Alexander Birston, (b. c. 1810-1811). Alexander, his wife Janette (Tait, b. 1813) and their four children, were members of the James Sinclair-led group. He was the son of Magnus Birston and his Indian wife.

James Birston, (b. 1809) James was the older brother of Alexander, noted above. James Birston, his wife Grizzel (Rowand, b. 1842) and their three children were members of the James Sinclair-led group.

Horatio Nelson Calder, (b. 1806), his wife Nancy (Budd), and their seven children, were members of the James Sinclair-led group. Calder was the son of HBC surgeon John Calder and Sarah Humphrey, a Métisse. He was born at Painted Cree near Edmonton. At 15 he began working for the HBC and served at Cumberland House and York Factory between 1821 and 1824. He was laid-off in the last round of staff reductions after the amalgamation of the NWC and HBC After moving to the Oregon Territory he became a gold miner. Calder’s (second) wife, Nancy Budd, was the daughter of, Wash-e-soo-esquew (Agathus or Mary Budd). Nancy’s mother was the Metis daughter of Matthew Cocking a HBC factor and Ke-che-cho-wick, a northern Cree woman (Cocking’s second wife). Her brother was the Reverend Henry Budd.

John Cunningham, his wife Jane Bruce and their child were part of the Sinclair group.

David Flett, (b. 1823), was the son of Orkneyman, George Flett Sr. a HBC employee and Margaret (Peggy) Whitford an English Half-Breed. David formally married Letitia Cook at St. Andrews, Red River on January 25, 1841. Letitia was the daughter of William Hemmings Cook and Mary Cocking. David Flett, his wife Letitia, and two children, were members of the James Sinclair-led group.

James Flett, (b. 1813) was the son of Orkneyman, George Flett Sr. a HBC employee and Margaret (Peggy) Whitford an English Half-Breed. James, his wife Chloe (Bird, b. 1815), and four children, were members of the James Sinclair-led group.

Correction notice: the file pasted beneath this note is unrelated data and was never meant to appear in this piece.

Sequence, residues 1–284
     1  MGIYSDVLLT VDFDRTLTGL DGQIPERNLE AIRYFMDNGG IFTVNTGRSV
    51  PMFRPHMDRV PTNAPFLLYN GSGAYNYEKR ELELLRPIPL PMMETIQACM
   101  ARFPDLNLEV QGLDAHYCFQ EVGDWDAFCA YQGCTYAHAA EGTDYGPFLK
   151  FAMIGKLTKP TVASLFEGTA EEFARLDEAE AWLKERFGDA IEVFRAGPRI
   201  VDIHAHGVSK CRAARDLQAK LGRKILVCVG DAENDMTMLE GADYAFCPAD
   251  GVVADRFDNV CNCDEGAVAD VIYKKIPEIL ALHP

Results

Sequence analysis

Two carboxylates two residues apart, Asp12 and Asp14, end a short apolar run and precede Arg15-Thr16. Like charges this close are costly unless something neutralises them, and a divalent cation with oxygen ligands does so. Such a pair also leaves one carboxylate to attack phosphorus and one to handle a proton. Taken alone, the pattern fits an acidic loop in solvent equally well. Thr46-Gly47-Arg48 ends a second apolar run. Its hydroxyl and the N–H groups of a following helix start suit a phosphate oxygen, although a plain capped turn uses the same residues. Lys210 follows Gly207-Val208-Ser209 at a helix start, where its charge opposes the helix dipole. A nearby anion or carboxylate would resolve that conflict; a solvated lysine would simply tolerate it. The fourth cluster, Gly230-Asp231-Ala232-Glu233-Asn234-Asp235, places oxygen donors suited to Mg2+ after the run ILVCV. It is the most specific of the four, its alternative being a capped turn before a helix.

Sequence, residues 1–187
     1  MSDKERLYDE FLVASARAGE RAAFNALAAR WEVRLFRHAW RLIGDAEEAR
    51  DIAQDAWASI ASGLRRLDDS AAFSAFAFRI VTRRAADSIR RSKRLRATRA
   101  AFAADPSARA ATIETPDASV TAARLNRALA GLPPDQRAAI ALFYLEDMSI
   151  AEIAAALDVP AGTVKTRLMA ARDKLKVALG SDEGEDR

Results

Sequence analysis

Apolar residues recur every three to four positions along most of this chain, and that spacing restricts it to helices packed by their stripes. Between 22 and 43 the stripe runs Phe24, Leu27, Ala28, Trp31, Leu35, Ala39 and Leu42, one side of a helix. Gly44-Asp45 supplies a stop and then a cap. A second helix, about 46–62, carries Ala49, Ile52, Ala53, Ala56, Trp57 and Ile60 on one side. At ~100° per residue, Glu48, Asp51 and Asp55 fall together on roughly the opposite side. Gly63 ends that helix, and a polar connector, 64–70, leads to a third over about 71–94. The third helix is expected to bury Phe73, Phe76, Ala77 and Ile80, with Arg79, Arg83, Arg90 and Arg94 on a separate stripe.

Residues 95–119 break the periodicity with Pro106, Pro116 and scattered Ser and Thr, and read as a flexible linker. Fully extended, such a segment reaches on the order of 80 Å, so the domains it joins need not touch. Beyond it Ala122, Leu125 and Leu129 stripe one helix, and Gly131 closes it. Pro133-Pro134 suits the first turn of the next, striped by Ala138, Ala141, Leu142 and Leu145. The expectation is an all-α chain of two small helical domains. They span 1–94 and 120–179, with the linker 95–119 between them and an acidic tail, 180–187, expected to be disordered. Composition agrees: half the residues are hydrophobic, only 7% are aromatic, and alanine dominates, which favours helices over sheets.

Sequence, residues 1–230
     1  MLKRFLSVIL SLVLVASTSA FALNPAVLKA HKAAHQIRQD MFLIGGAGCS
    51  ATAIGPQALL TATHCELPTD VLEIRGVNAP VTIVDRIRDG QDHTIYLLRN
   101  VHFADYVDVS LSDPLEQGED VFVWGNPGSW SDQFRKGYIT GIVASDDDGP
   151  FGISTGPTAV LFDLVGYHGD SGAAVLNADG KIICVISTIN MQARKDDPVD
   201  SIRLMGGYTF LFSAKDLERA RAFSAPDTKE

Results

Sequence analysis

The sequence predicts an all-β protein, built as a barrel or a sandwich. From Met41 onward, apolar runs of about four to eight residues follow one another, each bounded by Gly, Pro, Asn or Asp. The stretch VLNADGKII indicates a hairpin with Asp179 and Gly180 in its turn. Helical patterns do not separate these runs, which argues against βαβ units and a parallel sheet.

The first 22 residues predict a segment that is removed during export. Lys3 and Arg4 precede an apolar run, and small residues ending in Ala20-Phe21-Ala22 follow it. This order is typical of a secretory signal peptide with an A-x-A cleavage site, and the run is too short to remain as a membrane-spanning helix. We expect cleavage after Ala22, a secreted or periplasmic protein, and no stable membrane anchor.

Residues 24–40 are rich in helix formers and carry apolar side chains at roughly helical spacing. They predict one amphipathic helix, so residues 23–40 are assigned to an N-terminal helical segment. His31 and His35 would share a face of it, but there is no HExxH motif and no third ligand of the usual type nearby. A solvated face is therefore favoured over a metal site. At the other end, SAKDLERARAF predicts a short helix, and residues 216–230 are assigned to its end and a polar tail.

John Flett, (b. 1815) married Charlotte (Bird) on November 15, 1838. This couple and their four children, were members of the James Sinclair-led group. John was the son of Orkneyman, George Flett Sr. a HBC employee and Margaret (Peggy) Whitford an English Half-Breed.

William Flett, his mother and four children, were members of the James Sinclair-led group.

François Gagnon, his wife and five children, were members of the James Sinclair- led group.

Toussaint Joyale, (b. c. 1805) married Marguerite Lapointe on September 26, 1825 at St. Boniface. Toussaint, his wife and four children, were members of the James Sinclair-led group of 1841.

Joseph Klyne, his wife and two children, were members of the James Sinclair-led group of Red River Half-Breed and Metis emigrants for the Columbia.

Louis Larocque, his wife Marie (Toussaint), and three children, were members of the James Sinclair-led group of 1841.

Pierre Larocque (b. 1786). The 54 year old Pierre Larocque, his Cree wife Marguerite, and three children (Pierre Jr., Louis and Francoise Sr.), were members of the James Sinclair-led group of 1841.